Multiple proteolytic enzyme production in keratinophilic fungi (preliminary investigations) : a thesis presented in fulfilment of the requirement for the degree of Master of Science in Microbiology, Massey University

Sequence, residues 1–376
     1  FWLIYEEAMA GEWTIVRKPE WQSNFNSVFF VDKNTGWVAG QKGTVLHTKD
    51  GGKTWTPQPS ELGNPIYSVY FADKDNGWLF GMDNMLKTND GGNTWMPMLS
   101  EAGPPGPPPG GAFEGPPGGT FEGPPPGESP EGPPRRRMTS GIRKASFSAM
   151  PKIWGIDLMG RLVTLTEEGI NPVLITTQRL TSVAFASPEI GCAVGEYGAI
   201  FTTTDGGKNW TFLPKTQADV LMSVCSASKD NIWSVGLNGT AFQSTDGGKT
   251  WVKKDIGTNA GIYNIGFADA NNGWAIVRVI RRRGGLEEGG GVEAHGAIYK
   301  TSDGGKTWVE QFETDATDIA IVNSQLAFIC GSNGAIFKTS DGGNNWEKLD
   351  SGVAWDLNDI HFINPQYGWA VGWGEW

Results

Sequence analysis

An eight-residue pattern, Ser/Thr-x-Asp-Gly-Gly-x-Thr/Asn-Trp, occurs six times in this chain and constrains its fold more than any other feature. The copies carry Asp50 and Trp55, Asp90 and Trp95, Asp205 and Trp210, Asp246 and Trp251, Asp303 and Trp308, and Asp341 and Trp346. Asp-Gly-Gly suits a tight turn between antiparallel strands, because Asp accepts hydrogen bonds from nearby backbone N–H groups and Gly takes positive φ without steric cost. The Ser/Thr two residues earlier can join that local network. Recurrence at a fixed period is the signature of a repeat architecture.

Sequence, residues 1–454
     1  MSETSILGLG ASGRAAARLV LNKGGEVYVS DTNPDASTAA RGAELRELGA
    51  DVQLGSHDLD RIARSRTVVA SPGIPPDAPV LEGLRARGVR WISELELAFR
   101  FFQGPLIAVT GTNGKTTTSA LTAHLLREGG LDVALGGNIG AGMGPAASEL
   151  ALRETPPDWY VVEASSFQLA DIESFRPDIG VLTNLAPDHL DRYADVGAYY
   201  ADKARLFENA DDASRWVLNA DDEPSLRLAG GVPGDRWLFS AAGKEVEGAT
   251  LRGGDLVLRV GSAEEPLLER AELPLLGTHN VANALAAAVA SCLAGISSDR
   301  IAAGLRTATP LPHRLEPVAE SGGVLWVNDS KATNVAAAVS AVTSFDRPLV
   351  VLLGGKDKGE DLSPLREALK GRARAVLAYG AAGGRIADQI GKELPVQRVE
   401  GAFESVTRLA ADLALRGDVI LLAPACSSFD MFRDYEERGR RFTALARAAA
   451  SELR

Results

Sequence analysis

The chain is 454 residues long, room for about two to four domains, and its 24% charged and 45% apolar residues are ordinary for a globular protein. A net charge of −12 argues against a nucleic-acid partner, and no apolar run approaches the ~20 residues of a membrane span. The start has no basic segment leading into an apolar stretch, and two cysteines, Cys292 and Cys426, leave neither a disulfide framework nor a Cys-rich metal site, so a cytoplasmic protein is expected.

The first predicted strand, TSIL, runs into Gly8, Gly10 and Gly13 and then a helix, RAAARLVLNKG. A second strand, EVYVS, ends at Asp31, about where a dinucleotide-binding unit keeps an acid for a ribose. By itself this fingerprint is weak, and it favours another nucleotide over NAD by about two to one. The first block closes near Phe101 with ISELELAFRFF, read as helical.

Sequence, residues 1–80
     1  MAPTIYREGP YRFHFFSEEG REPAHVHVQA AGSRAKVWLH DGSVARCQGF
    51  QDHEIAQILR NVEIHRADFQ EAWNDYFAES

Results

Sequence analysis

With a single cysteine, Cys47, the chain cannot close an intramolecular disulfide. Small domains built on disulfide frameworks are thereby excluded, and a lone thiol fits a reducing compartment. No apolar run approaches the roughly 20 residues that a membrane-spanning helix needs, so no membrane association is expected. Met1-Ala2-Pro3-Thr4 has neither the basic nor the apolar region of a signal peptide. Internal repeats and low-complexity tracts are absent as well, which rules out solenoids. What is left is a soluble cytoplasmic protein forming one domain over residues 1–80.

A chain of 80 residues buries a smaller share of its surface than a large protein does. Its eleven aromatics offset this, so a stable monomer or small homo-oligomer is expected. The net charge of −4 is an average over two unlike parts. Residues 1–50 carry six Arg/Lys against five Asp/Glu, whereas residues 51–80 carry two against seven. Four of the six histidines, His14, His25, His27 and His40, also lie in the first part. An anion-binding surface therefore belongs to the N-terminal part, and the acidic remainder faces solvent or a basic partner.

Superficial fungal infections can be acquired from a number of sources, e.g. animals, humans or from the soil. Many of the fungal species commonly associated with human disease arise from infection by species known commonly as dermatophytes, although infection from other non-dermatophytic keratinophilic fungi is becoming more common. Other species not commonly regarded as pathogenic have on occasion been found in human infection. Many of these opportunistic species are commonly found in soils. Isolation procedures employed in these studies were the hairbrush technique for small animals and the keratin-baiting technique for soil with samples being cultured on SDA containing antibiotics. Soil samples yielded 3 keratinophilic genera found in human infection (Microsporum spp.. Trichophyton spp. Aphanoascus sp.) while fungi isolated from animals yielded 3 fungal species. Microsporum canis. Microsporum cookei and Scopulariopsis brevicaulis. In these studies, various culture parameters e.g. pH, spore numbers and various hydrolysis techniques were examined in order to asses the production of proteolytic enzymes in vitro. Also in the course of these studies, the use of lactrimel medium as a suitable recovery agent for strains presenting atypical colony morphology and reduced proteolytic enzyme production was trialed with excellent results. The gelatin SDS-PAGE technique, mode of culture (shake and stationary) and the effect of substrate were analysed to compare the effects that these have on a range of keratinophilic fungi. Both pathogens and saprophytes were examined in an attempt to detect similarities in enzyme production which could be associated with the ability of various species to invade skin in vivo. A large body of data has been gathered demonstrating that the proteolytic enzymes produced by most keratinophilic fungi encompass a wide range of MW sizes and are not entirely predictable. This strongly suggests that when these fungi come into contact with a particular substrate, the ability of the strain to adapt may depend on the strains ability to produce a proteolytic enzyme capable of breaking down the substrates in the external environment providing nutrients for the growing fungi.